20 October 2017

NASD urges better bond transaction reporting for retail investors

01 October 2004  |  230 views  |  0 Source: NASD

With retail investors now responsible for nearly two-thirds of corporate bond transactions, a special NASD panel is recommending better information for investors before and at the time of every trade and increased disclosures on post-trade confirmations.

In addition, NASD will dramatically increase investor access to corporate bond pricing information when its Trade Reporting and Compliance Engine (TRACE) launches its third and final phase on October 1.

Currently, TRACE publicly reports pricing and transactions on approximately 4,500 investment grade and high-yield corporate bonds within 45 minutes of each trade. Starting tomorrow, TRACE's public reporting will expand to approximately 17,000 bonds, and reporting time will be shortened to 30 minutes. By February 1, 2005, TRACE will publicly report transactions on all 23,000 corporate bonds, more than 99 percent of which will be reported within 30 minutes. On July 1, 2005, that reporting time will be shortened to just 15 minutes.

"Since it started operating in July 2002, TRACE has increasingly brought transaction price reporting in the corporate bond market into the daylight," said Robert R. Glauber, NASD Chairman & CEO. "With the final phase of TRACE about to get underway, real-time reporting of virtually every corporate bond transaction will soon be a reality. Retail investors, responsible for the majority of transactions in corporate bonds, are an important force in this market. The Corporate Debt Market Panel (CDMP) recommendations provide a roadmap to making the corporate debt market more transparent and truly accessible to retail investors."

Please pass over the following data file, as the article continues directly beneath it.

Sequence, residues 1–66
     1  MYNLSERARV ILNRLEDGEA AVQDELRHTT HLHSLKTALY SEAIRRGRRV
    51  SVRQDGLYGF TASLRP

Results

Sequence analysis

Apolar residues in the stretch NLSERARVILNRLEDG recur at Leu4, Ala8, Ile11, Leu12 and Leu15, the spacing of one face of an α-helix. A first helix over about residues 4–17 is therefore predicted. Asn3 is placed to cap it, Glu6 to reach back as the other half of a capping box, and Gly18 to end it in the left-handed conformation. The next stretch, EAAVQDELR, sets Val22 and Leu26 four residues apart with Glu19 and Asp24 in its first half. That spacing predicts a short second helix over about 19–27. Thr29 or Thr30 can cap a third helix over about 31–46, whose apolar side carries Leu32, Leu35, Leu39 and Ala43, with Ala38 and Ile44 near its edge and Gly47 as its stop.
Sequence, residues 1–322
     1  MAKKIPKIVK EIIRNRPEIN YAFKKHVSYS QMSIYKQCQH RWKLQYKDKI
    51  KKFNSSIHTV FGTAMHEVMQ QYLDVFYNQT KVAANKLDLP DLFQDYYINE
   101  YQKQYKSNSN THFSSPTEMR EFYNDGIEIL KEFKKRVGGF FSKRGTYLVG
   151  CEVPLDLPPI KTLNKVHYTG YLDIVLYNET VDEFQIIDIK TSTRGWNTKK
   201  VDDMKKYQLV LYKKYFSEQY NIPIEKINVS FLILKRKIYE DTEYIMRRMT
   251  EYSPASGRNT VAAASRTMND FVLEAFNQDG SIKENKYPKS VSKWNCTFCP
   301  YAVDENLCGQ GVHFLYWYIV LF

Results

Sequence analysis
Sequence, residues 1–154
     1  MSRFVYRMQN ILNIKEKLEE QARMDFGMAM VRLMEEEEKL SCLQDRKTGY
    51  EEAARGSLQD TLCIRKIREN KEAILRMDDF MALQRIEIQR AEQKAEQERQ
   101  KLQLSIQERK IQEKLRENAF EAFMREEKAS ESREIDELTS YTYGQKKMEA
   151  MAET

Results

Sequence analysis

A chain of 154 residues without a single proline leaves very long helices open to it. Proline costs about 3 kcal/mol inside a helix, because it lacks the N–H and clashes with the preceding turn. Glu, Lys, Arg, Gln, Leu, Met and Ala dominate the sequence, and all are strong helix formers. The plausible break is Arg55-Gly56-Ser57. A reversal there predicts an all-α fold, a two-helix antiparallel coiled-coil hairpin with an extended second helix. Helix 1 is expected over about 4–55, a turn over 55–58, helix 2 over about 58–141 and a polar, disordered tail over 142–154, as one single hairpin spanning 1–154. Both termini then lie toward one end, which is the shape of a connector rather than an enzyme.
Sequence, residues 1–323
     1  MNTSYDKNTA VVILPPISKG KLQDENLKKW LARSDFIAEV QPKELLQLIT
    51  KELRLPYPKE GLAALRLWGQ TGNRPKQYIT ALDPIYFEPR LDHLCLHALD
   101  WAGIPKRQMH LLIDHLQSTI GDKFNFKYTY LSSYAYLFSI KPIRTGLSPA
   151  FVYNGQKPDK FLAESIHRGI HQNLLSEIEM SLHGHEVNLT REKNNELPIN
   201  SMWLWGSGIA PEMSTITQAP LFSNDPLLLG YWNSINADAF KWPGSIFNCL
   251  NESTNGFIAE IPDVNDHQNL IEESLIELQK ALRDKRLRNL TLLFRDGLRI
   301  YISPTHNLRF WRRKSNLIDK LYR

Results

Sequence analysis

"The corporate debt market has always been an important one for institutional investors, but it is now of increasing importance to individual retail investors who would benefit from additional guidance and disclosure," said CDMP Chairman John J. Brennan, Chairman & CEO of The Vanguard Group and a member of NASD's Board of Governors. "This panel has set the framework for a much better-educated consumer of corporate bonds."

In its report today, the 12-member CDMP - made up of industry experts representing a cross-section of the marketplace, who have been reviewing transaction methods, current regulation and market dynamics since March - issued a range of recommendations to better inform and educate individual investors about corporate bonds.

The CDMP concluded that the higher sophistication levels and greater resources of institutional investors make that investor segment a lower priority for near-term action. Individual investors should be regulators' immediate focus, the report says, noting that 65 percent of corporate bond transactions are in quantities of $100,000 or less in value - a size widely viewed as representative of individual investor activity. Nevertheless, the report says, individual investors know very little about how the bond markets work. It cited a recent NASD survey indicating that only 40 percent of investors understand that bond prices fall as interest rates rise. Another 34 percent either thought there is no fee for buying or selling a bond, or they did not know whether they were paying a fee for bond transactions.

"This panel is saying if you're a retail investor and you're buying a bond, here are the things that you need to know," said Doug Shulman, NASD's President for Markets, Services and Information, who served as the CDMP's vice chair. "Individual investors who prospered during the stock market's historic boom have now experienced major declines in equities and are looking for other places to put a portion of their money. As they approach retirement, millions of baby boomers are moving more and more of their assets from equity investments to fixed income investments. There is no doubt that the corporate bond market will only grow in size and in importance to individual investors."

With approximately $4.3 trillion outstanding, the corporate bond market is larger than either the U.S. Treasury market ($3.8 trillion outstanding) or the municipal bond market ($2.0 trillion outstanding).

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